The evolution of the hacker mystique
Updated: 2013-02-03 07:36
(The New York Times)
Last year the author Peter Ludlow attended a birthday party in Germany for Daniel Domscheit-Berg, a technology activist, or "hacktivist," and founder of OpenLeaks. Domscheit-Berg had been a spokesperson for WikiLeaks, but after a public break from Julian Assange, struck out on his own.
Professor Ludlow, who teaches philosophy at Northwestern University near Chicago, expected to find "a bunker full of hackers probing Web sites with SQL injections and sifting through State Department cables."
But what he found was more warm and fuzzy: a small vegetable garden and a tree outside Mr. Domscheit-Berg's house wrapped in a wool sweater, hand-knitted by Mr. Domscheit-Berg's wife Anke - "knit hacking," she called it. She had knit-hacked the town, too. Street signs and the barrel of a World War II tank were covered in her soft wool.
"I interpreted these knit-hackings as counteractions to the attempts to define hacktivist as something sinister," Professor Ludlow wrote in The Times.
The word hacker now summons images not just of data theft, but of ruthless, amoral cybercriminals, even acts of war. This is a long way from its meaning in the 1970s and '80s, when "hackers" were brilliant and sometimes mischievous programmers like Linus Torvald, the founder of Linux, Steve Wozniak of Apple and Microsoft's Bill Gates.
"Forty years ago, a hacker was someone who took great joy in knowing everything about computers," Susan P. Crawford, a law professor at Yeshiva University in New York, told The Times. "The word was really used in admiration. Now it is used to describe and condemn both professional cyberattackers and amateurs who are swept together within the broad description of the word."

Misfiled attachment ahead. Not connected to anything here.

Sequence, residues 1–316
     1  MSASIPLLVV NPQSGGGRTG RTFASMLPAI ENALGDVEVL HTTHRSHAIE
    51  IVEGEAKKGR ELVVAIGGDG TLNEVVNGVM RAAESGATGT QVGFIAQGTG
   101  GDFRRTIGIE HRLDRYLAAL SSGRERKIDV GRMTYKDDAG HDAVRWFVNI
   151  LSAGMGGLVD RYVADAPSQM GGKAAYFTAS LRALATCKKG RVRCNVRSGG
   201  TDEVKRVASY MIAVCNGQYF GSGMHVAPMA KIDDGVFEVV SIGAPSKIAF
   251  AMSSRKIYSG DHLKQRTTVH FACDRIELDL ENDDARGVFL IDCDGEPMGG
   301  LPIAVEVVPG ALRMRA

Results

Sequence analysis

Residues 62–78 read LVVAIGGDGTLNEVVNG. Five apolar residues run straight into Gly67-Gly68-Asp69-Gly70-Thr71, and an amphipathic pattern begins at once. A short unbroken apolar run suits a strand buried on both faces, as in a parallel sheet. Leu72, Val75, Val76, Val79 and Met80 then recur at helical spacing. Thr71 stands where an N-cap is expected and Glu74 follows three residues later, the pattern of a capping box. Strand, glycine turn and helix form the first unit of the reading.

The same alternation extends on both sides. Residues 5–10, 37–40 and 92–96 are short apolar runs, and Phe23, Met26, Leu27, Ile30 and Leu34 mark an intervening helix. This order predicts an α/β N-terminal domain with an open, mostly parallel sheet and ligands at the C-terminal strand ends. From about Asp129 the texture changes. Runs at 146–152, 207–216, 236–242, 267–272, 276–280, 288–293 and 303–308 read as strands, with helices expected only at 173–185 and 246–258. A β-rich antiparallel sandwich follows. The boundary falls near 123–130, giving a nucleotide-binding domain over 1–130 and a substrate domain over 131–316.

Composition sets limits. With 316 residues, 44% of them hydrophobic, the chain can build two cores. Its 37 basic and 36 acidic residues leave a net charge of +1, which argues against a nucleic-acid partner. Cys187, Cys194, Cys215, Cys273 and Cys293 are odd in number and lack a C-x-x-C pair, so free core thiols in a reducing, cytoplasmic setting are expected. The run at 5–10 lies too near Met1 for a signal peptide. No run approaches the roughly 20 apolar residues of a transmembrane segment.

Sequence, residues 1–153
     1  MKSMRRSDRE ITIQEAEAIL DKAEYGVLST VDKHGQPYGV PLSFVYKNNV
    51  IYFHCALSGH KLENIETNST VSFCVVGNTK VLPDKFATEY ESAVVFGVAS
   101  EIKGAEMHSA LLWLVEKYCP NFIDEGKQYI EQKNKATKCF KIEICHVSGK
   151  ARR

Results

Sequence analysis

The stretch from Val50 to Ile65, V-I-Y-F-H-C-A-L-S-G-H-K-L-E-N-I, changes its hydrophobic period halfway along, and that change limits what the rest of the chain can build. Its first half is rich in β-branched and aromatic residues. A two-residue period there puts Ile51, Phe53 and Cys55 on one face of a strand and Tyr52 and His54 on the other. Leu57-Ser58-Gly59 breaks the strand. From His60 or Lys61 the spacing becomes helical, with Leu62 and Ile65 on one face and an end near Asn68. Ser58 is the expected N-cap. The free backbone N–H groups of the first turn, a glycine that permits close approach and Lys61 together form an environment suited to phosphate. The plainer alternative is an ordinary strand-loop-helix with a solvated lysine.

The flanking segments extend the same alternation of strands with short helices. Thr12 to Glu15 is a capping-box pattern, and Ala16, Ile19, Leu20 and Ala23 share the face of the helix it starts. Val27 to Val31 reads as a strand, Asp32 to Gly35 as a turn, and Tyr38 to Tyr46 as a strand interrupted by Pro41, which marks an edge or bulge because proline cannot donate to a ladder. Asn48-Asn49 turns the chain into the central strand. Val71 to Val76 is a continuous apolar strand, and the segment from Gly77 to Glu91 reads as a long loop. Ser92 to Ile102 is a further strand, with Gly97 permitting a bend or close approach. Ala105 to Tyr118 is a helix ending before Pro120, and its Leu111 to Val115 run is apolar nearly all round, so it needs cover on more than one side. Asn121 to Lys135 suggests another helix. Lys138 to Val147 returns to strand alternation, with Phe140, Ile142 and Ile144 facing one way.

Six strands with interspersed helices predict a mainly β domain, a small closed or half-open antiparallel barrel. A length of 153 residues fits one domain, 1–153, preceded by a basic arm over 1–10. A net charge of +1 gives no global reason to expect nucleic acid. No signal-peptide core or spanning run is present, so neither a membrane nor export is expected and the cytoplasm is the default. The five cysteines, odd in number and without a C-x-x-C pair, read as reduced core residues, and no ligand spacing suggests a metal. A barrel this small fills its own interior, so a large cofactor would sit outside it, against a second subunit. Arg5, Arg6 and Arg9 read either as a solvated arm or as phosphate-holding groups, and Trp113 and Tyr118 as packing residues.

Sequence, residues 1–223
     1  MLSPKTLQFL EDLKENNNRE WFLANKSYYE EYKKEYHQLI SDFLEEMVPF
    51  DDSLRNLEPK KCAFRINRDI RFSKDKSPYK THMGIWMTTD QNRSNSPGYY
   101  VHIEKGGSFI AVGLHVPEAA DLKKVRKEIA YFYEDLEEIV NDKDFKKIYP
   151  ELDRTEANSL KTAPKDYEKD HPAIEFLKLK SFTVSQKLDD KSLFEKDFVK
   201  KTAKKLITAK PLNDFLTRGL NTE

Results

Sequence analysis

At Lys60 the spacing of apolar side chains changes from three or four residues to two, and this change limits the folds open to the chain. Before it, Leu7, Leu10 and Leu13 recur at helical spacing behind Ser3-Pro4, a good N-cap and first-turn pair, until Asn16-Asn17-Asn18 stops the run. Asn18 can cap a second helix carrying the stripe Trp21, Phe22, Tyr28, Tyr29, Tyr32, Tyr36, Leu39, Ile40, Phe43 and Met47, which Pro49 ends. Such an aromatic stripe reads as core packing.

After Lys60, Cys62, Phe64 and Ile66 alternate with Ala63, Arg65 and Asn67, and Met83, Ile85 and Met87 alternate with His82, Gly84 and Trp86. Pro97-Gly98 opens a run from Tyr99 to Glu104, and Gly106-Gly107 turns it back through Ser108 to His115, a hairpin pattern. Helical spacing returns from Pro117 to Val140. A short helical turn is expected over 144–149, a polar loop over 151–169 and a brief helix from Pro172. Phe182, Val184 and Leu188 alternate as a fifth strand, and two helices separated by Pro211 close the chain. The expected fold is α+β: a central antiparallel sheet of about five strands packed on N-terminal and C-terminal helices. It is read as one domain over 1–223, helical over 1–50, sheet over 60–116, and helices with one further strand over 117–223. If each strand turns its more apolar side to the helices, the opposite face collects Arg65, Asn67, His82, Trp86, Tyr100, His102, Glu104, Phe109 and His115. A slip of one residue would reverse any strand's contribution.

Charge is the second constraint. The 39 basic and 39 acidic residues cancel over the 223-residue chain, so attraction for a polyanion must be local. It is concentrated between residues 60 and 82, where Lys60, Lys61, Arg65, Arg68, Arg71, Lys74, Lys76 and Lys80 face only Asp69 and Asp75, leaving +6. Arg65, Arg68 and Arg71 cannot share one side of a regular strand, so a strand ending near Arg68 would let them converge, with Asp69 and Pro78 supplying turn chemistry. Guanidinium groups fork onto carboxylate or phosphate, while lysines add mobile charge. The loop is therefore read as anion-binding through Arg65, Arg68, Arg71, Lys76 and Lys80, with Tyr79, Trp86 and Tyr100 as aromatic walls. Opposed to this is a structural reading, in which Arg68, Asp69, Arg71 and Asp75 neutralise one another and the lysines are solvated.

Some hackers steal information, some steal money. But others are more ideological. A group calling itself Izz ad-Din al-Qassam Cyber Fighters took credit for recent attacks on the Web sites of some of the largest banks in the United States, The Times reported. Their motive: revenge for the now infamous anti-Islam video that caused violence across the Muslim world last year.
The notion that hacking could be an act of war is taken seriously. The United States Department of Defense has plans to expand its cybersecurity forces against attacks from what Defense Secretary Leon Panetta called a potential "cyber-Pearl Harbor," The Times reported.
"An aggressor nation or extremist group," Mr. Panetta said, could use cybertools to "derail passenger trains loaded with lethal chemicals. They could contaminate the water supply in major cities, or shut down the power grid across large parts of the country."
Despite the dangers, some argue that the government's pursuit of hackers is overzealous. When the well-known programmer and Internet activist Aaron Swartz committed suicide in mid-January, his family and friends blamed the pressure of the government's prosecution. Mr. Swartz, 26, was under federal indictment for making public thousands of academic documents. He faced a $1 million fine and up to 35 years in jail.
After Mr. Swartz's death, Nick Bilton wrote in The Times that the government suffered from a "misunderstanding of what a hacker actually is." Mr. Swartz may have been a "hacker," but his goal was free information, not profit, and not war.
"To many people who understand computers and the law, there is a danger in lumping people who have not sought financial gain with armed robbers. Where people should receive slaps on the wrist, they face decades in prison."
(China Daily 02/03/2013 page9)